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MRI-Based Radiotherapy Treatment Planning In Pelvis

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S Hsu

S Hsu*, Y Cao , S Jolly , J Balter , University of Michigan, Ann Arbor, MI


SU-C-17A-1 Sunday 1:00PM - 1:55PM Room: 17A

Purpose: To support radiotherapy dose calculation, synthetic CT (MRCT) image volumes need to represent the electron density of tissues with sufficient accuracy. This study compares CT and MRCT for pelvic radiotherapy.
Methods: CT and multi-contrast MRI acquired using T1-based Dixon, T2 TSE, and PETRA sequences were acquired on an IRB-approved protocol patient. A previously published method was used to create a MRCT image volume by applying fuzzy classification on T1-weighted and calculated water image volumes (air and fluid voxels were excluded using thresholds applied to PETRA and T2-weighted images). The correlation of pelvic bone intensity between CT and MRCT was investigated. Two treatment plans, based on CT and MRCT, were performed to mimic treatment for: (a) pelvic bone metastasis with a 16MV parallel beam arrangement, and (b) gynecological cancer with 6MV volumetric modulated arc therapy (VMAT) using two full arcs. The CT-calculated fluence maps were used to recalculate doses using the MRCT-derived density grid. The dose-volume histograms and dose distributions were compared.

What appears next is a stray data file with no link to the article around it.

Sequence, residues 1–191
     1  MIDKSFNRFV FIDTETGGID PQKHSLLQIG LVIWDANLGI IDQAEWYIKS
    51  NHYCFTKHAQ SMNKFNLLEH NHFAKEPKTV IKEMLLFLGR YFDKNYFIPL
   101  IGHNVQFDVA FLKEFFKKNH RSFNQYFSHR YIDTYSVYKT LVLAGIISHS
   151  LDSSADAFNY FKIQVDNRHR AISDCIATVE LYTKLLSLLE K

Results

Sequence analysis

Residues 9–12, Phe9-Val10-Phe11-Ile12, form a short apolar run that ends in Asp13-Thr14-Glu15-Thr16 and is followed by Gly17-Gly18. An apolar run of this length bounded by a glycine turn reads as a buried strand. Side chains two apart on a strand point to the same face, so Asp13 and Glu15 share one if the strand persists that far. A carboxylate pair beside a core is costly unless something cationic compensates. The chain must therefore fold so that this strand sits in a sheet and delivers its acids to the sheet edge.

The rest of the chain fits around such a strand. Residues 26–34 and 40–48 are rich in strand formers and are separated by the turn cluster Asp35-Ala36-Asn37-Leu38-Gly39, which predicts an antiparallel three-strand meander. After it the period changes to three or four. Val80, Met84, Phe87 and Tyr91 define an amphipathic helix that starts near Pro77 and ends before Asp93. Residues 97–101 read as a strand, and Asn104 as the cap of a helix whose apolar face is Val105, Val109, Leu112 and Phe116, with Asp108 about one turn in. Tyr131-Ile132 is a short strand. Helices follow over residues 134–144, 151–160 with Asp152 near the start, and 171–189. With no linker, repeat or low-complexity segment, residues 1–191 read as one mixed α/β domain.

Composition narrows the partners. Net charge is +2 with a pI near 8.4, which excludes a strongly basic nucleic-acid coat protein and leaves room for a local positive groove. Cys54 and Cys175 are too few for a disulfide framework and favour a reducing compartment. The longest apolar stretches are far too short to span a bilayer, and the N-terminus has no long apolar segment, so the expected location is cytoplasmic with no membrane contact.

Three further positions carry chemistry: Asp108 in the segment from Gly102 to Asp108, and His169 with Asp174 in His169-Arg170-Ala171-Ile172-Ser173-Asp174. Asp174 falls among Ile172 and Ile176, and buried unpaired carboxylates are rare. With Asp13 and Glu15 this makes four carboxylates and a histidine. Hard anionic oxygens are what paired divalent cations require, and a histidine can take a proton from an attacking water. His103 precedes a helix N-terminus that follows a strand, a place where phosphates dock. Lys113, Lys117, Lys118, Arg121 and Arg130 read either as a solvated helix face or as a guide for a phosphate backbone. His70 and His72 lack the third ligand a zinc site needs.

Results: Bone intensities in the MRCT volume correlated linearly with CT intensities up to 800 HU (containing 96% of the bone volume), and then decreased with CT intensity increase (4% volume). There was no significant difference in dose distributions between CT- and MRCT- based plans, except for the rectum and bladder, for which the V45 differed by 15% and 9%, respectively. These differences may be attributed to normal and visualized organ movement and volume variations between CT and MR scans.
Conclusion: While MRCT had lower bone intensity in highly-dense bone, this did not cause significant dose deviations from CT due to its small percentage of volume. These results indicate that treatment planning using MRCT could generate comparable dose distributions to that using CT, and further demonstrate the feasibility of using MRI-alone to support Radiation Oncology workflow.

Funding Support, Disclosures, and Conflict of Interest: NIH R01EB016079

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